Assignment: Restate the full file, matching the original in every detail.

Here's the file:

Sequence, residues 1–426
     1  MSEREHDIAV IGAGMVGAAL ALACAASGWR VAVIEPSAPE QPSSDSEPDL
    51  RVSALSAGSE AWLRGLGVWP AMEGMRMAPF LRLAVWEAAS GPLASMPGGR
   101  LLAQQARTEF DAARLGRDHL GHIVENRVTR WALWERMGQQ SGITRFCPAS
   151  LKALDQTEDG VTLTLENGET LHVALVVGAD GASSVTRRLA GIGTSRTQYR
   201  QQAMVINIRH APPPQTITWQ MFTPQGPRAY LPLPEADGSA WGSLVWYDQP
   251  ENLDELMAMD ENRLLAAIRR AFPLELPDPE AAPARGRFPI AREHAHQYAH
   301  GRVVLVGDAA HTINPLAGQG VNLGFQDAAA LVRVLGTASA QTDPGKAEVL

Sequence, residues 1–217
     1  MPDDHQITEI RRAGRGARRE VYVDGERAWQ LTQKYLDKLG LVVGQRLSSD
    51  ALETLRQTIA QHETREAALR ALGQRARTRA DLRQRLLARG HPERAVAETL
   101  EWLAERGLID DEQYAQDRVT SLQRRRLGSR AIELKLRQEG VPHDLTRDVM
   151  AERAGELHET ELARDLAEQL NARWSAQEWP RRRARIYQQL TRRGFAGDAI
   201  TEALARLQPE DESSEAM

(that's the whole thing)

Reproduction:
Sequence, residues 1–426
     1  MSEREHDIAV IGAGMVGAAL ALACAASGWR VAVIEPSAPE QPSSDSEPDL
    51  RVSALSAGSE AWLRGLGVWP AMEGMRMAPF LRLAVWEAAS GPLASMPGGR
   101  LLAQQARTEF DAARLGRDHL GHIVENRVTR WALWERMGQQ SGITRFCPAS
   151  LKALDQTEDG VTLTLENGET LHVALVVGAD GASSVTRRLA GIGTSRTQYR
   201  QQAMVINIRH APPPQTITWQ MFTPQGPRAY LPLPEADGSA WGSLVWYDQP
   251  ENLDELMAMD ENRLLAAIRR AFPLELPDPE AAPARGRFPI AREHAHQYAH
   301  GRVVLVGDAA HTINPLAGQG VNLGFQDAAA LVRVLGTASA QTDPGKAEVL

Sequence, residues 1–217
     1  MPDDHQITEI RRAGRGARRE VYVDGERAWQ LTQKYLDKLG LVVGQRLSSD
    51  ALETLRQTIA QHETREAALR ALGQRARTRA DLRQRLLARG HPERAVAETL
   101  EWLAERGLID DEQYAQDRVT SLQRRRLGSR AIELKLRQEG VPHDLTRDVM
   151  AERAGELHET ELARDLAEQL NARWSAQEWP RRRARIYQQL TRRGFAGDAI
   201  TEALARLQPE DESSEAM